Appendix D: Evidencing
your Recruitment

In December 2020, the Skilled Worker route opened for applications, replacing the Tier 2 (General) visa as the main immigration route into the UK for skilled workers. The new route prompted some key changes to the rules around the recruitment of skilled workers, with the aim of ‘streamlining and simplifying’ the sponsorship process for employers and workers alike.

To coincide with the launch of new work routes under the points-based system, the Home Office published updated guidance documents to help employers understand the sponsorship process and how to comply with their duties as a licenced sponsor.

Alongside the updated guidance, the Home Office also revised Appendix D, the document which lists the type of evidence that employers must retain in relation to their sponsor licence. Over the coming weeks, Smith Stone Walters will be publishing a series of articles focused on key sections of the Appendix D document, to help sponsors gain a better understanding of their record keeping responsibilities.

In this second installment of the series, we take a look at the types of documents sponsors will need to keep as evidence of recruitment activities they have undertaken for the jobs in which you are sponsoring workers.

New rules for advertising jobs

A welcome change for many employers under the Skilled Worker route is the removal of the Resident Labour Market Test (RLMT) requirement.

Previously, employers were required to carry out a RLMT before recruiting an overseas national for a UK role, to prove that the business was unable to fill the role with a candidate from the resident UK labour market. The process required employers to advertise roles for a period of 28 days before assigning a Certificate of Sponsorship (CoS) to a migrant worker. The change alone will cut end-to-end processing times by at least four weeks for employers sponsoring skilled workers.

However, it should be noted that although businesses do not need to complete a RLMT under the Skilled Worker route, the updated Home Office guidance states that employers must still retain certain documents relating to their recruitment practices for each job in which they are sponsoring workers.

Many have questioned the rationale behind the Home Office still insisting on recruitment data being retained. Representations have also been made to Home Office policymakers asking if this requirement should be removed from the sponsor guide. However, until any such time a revision is made by the UKVI, we would advise all sponsors to continue to follow the guidelines set out in the current Appendix D.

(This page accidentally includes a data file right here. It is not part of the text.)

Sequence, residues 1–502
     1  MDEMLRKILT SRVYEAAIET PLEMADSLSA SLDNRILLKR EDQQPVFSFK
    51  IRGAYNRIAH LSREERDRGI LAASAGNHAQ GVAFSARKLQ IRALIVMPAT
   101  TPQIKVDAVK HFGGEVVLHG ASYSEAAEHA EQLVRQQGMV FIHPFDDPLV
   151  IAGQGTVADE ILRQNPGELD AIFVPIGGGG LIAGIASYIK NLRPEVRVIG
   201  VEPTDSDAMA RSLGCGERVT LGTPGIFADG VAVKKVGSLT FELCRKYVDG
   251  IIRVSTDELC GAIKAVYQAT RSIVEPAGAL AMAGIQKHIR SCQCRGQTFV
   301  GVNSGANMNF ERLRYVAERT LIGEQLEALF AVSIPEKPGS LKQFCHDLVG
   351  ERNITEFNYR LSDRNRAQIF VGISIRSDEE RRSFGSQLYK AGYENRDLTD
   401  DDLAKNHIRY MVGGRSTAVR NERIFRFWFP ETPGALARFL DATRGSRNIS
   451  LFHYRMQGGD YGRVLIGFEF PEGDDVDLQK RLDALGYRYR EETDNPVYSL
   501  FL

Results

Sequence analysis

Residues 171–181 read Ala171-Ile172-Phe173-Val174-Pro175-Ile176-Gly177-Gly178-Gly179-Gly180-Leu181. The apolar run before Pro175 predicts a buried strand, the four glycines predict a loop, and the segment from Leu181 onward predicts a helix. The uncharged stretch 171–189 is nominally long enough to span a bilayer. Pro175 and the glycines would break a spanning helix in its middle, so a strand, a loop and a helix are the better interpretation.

Which recruitment documents should sponsors keep?

Most of the recruitment activity evidence the Home Office will be interested in relates to how you advertised the role, and the internal processes you undertook to establish the sponsored worker was suitable for the role in question.

If you advertised the role, there are a number of documents and other evidence you must retain to demonstrate the recruitment process to the Home Office. These include:

  • A copy of the job advertisement as it appeared in its given medium, including:
    • The job title
    • The location of the job
    • The main duties and responsibilities
    • The required skills, qualifications and experience
    • An indication of the salary package or salary range
    • The closing date for applications.
  • Evidence of the date in which the vacancy was first advertised, such as:
    • A copy of your advert in any newspapers or professional journals, clearing showing the title and date of the publication
    • A screenshot from any website hosting your job advert, taken on the day it was first advertised.
  • A copy of any letters or invoices from publications or websites in which your advertisement was hosted.
  • Documents relating to the internal recruitment process, including:
    • All job applications shortlisted for final interview in the medium they were received (e.g. – Emails, CVs, application forms), showing the applicant’s name, address and date of birth.
    • The names and total number of applicants shortlisted for final interview
    • For each settled worker who was rejected or did not take up the offer of employment, interview notes or other documentation showing the reasons why they have not been employed.

In cases where a role was not advertised, sponsors must be able to explain why an advertisement was not deemed necessary, and how you identified that the hired individual was suitable for the role. Further information can be found in the Appendix D document here.

Support with maintaining sponsor compliance

If you have any questions about which documents you should be retaining, or if you require support on any other area of sponsor compliance, Smith Stone Walters can help.

Our team of immigration experts can offer up-to-date advice and practical support to ensure your business is fulfilling its legal obligations and is prepared for any Home Office compliance visit.

To speak to a member of the team, please contact us today.

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